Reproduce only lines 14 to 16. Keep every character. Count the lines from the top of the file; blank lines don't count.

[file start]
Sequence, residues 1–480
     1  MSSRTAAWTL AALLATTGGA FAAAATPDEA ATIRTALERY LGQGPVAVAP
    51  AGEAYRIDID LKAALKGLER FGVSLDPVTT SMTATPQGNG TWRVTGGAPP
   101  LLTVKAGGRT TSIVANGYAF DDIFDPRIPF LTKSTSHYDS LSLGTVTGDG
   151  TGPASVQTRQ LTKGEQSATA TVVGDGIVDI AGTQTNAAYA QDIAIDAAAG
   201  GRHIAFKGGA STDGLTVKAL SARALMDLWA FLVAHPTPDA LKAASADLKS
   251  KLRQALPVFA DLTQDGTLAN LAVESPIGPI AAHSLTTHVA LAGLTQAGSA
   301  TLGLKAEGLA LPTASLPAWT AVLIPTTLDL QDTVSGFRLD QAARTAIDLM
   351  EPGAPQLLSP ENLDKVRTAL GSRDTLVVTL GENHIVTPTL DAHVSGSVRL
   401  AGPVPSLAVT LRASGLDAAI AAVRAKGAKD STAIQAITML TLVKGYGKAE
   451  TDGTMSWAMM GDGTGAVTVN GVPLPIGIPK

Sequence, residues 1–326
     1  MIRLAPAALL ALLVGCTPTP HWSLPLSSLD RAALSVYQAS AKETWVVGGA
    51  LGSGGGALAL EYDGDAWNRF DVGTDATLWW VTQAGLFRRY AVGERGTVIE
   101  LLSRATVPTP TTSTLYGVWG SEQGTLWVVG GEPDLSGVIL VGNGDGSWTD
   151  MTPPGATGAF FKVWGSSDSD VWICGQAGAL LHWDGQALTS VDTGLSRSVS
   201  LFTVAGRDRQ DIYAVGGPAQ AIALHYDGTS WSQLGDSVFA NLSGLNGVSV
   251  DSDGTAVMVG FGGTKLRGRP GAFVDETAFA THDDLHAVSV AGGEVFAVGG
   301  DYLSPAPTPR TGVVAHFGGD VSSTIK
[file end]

    51  LGSGGGALAL EYDGDAWNRF DVGTDATLWW VTQAGLFRRY AVGERGTVIE
   101  LLSRATVPTP TTSTLYGVWG SEQGTLWVVG GEPDLSGVIL VGNGDGSWTD
   151  MTPPGATGAF FKVWGSSDSD VWICGQAGAL LHWDGQALTS VDTGLSRSVS